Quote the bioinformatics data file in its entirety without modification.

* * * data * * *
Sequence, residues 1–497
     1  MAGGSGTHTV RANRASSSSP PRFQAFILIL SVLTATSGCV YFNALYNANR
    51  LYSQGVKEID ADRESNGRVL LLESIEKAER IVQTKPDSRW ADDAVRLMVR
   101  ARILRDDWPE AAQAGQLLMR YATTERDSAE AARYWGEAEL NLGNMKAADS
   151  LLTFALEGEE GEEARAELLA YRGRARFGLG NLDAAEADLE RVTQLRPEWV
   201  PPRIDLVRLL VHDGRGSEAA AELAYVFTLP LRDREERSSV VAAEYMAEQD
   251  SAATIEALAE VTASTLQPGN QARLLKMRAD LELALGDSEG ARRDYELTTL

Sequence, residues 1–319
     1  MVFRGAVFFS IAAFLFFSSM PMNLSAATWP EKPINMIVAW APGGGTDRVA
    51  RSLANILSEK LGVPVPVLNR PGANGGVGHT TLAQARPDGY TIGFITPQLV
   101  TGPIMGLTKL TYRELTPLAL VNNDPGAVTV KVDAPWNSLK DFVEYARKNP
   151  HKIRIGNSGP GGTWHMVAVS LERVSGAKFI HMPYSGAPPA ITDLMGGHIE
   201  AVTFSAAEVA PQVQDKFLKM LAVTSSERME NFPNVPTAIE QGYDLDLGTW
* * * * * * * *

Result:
Sequence, residues 1–497
     1  MAGGSGTHTV RANRASSSSP PRFQAFILIL SVLTATSGCV YFNALYNANR
    51  LYSQGVKEID ADRESNGRVL LLESIEKAER IVQTKPDSRW ADDAVRLMVR
   101  ARILRDDWPE AAQAGQLLMR YATTERDSAE AARYWGEAEL NLGNMKAADS
   151  LLTFALEGEE GEEARAELLA YRGRARFGLG NLDAAEADLE RVTQLRPEWV
   201  PPRIDLVRLL VHDGRGSEAA AELAYVFTLP LRDREERSSV VAAEYMAEQD
   251  SAATIEALAE VTASTLQPGN QARLLKMRAD LELALGDSEG ARRDYELTTL

Sequence, residues 1–319
     1  MVFRGAVFFS IAAFLFFSSM PMNLSAATWP EKPINMIVAW APGGGTDRVA
    51  RSLANILSEK LGVPVPVLNR PGANGGVGHT TLAQARPDGY TIGFITPQLV
   101  TGPIMGLTKL TYRELTPLAL VNNDPGAVTV KVDAPWNSLK DFVEYARKNP
   151  HKIRIGNSGP GGTWHMVAVS LERVSGAKFI HMPYSGAPPA ITDLMGGHIE
   201  AVTFSAAEVA PQVQDKFLKM LAVTSSERME NFPNVPTAIE QGYDLDLGTW